• "...The focus of this book is on the wives, mothers, fathers, grandparents, sisters, brothers, and children of the fighting men, and even the ill or incapacitated soldiers themselves, who were compelled to take refuge in lower Quebec during the Revolutionary War. It explains why there were refugees in the first place and why so many— summarized by the systematic inquisition by the County Committees of Safety to identify loyalists—were labeled as traitors and then confiscated of their land, livestock, and material possessions. This confiscation was used to feed, equip, or fund the rebel army. Examples are given of Loyalist appeals, usually more descriptive than the later filed Loyalist claims. The book continues by explaining why there were waves of Loyalists, what was done with the Loyalists, and why the problems of settlement increased as the war progressed. Maps are provided showing the location of the refugee settlements. A discomforting feature of this time period, evidenced in this book, is the authoritarian and paternalistic nature of governance. The controlling hierarchy was a bastion of male superiority, extremely rigid, especially when a military governor occupied the senior position, as in Quebec. This is explained and clearly demonstrated with examples of letters of supplication to the governor. This situation was even worse for women, who were regarded as the weaker, less competent sex. Yet when the men went off to fight, these same women were expected to get themselves, their children, and any goods they could carry to safety, often being chased by rebels. For family historians the primary interest will be the compiled Refugee Roll, which provides one or more sources for each entry. It is in a table format that lists surname, given name, spouse/father/mother, children, locations reported, remarks, and rank and regiment or organization. Listed prior to the table is a key for abbreviations used in the roll for rank and for Northern Department Regiments and Organizations, plus a code for 15 settlement townships. After the table there is a key to source documents, 43 primary, 76 primary transcripts, and 25 secondary sources. This is followed by a surname concordance, so researchers can identify spelling variations of the surnames sought. The book includes an extensive bibliography and index. Reviewer’s note: This book is a companion to two other volumes by the same author: The British Campaign of 1777, Volume 1: The St. Leger Expedition: The Forces of the Crown and Congress, second edition, reviewed in FORUM (16:2) and The British Campaign of 1777, Volume 2: The Burgoyne Expedition: Burgoyne’s Natives and Loyalist Auxiliaries, reviewed in FORUM (26:2)." Paul Milner, Federation of Genealogical Societies [journal] FORUM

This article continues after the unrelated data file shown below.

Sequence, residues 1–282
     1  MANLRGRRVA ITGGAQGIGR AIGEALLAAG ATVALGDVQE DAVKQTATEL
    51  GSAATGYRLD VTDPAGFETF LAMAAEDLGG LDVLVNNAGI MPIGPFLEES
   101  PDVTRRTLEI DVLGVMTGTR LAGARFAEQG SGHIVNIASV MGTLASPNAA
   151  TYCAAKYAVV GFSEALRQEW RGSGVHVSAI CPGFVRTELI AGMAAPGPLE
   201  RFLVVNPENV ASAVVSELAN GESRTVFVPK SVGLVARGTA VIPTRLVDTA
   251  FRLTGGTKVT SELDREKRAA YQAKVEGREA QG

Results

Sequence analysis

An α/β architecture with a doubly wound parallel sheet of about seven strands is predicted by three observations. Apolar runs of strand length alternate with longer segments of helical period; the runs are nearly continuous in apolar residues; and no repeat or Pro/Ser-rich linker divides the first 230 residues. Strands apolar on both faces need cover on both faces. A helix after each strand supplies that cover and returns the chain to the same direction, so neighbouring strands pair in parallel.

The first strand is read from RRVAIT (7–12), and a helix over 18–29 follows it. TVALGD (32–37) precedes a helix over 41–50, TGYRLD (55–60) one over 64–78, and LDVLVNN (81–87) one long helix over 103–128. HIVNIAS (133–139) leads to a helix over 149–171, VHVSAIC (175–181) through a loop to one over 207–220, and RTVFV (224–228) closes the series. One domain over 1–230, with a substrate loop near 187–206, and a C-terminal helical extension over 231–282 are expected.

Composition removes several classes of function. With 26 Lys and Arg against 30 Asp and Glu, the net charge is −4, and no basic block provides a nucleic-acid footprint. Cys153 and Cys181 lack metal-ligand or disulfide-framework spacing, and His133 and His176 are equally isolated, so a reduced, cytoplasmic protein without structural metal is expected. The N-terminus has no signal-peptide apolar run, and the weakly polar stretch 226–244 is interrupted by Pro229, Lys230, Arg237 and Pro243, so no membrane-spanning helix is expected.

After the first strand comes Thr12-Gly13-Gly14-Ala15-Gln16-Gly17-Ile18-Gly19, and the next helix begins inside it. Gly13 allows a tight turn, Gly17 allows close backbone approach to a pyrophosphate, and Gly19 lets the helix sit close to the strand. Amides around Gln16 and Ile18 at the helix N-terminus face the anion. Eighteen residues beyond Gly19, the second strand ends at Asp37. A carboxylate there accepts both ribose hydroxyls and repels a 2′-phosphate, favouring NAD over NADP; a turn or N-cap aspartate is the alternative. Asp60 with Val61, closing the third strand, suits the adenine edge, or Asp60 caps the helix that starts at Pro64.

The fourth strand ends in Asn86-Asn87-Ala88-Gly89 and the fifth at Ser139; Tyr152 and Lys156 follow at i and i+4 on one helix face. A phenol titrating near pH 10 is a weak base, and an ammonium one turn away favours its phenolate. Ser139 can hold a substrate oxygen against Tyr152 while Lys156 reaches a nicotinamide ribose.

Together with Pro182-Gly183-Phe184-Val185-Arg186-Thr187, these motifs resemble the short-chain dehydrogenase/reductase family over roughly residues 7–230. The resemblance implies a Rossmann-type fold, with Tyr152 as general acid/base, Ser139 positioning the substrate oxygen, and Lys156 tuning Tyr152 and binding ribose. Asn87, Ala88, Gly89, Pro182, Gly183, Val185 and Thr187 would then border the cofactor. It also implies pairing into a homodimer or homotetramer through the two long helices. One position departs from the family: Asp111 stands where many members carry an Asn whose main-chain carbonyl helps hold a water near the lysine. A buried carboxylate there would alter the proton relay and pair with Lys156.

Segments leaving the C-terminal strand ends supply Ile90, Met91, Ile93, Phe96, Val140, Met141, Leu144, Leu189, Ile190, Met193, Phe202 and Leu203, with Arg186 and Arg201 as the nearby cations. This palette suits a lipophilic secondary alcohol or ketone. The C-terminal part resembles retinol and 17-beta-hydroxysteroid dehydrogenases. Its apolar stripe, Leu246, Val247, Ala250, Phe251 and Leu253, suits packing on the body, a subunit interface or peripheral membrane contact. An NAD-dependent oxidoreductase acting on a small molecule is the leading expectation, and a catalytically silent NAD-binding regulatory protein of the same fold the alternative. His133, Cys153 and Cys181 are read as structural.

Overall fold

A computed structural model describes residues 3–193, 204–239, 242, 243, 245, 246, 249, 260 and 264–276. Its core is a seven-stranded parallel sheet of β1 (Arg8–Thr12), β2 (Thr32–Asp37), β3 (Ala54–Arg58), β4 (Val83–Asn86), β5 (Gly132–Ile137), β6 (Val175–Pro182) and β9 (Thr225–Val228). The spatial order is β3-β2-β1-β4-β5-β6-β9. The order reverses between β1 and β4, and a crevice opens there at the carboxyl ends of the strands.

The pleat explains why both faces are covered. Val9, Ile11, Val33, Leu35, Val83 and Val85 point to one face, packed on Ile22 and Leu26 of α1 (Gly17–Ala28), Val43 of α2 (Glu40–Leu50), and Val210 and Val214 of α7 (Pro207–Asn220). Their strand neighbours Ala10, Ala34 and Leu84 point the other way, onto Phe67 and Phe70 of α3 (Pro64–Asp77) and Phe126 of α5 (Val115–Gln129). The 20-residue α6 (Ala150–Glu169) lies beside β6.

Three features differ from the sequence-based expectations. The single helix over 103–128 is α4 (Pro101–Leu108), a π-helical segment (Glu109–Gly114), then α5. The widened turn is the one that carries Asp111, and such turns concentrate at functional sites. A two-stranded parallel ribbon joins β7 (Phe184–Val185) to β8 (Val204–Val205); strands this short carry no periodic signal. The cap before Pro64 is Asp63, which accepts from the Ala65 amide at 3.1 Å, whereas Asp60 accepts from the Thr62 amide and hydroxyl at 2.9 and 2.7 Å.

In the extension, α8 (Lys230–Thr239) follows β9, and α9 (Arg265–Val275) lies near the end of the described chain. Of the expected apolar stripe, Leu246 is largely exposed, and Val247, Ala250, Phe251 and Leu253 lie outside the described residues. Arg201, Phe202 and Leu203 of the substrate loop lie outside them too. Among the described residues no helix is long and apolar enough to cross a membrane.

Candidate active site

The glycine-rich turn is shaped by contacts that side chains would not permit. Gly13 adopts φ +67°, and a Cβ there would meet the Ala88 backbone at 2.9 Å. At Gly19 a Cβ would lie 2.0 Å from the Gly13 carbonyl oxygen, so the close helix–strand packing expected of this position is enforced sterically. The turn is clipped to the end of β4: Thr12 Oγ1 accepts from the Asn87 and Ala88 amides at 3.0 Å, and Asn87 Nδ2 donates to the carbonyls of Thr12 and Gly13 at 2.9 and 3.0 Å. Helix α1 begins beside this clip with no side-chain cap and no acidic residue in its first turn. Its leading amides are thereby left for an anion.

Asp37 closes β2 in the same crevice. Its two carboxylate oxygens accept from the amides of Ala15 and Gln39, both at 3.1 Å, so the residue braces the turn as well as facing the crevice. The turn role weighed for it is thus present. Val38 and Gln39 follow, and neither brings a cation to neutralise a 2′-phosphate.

About the author: Gavin K. Watt

Gavin Watt has studied Canada's involvement in the American Revolution for over forty five years. He has authored sixteen acclaimed books of the history of that conflict, several concentrating on the loyalist experience. Watt pursues a life-long interest in military history and has re-enacted in four historical eras. He is a honourary Vice-President of the United Empire Loyalists' Association and has often spoken on military history and United Empire Loyalist topics at historical societies' meetings and conferences

Click for a list of Gavin K. Watt's books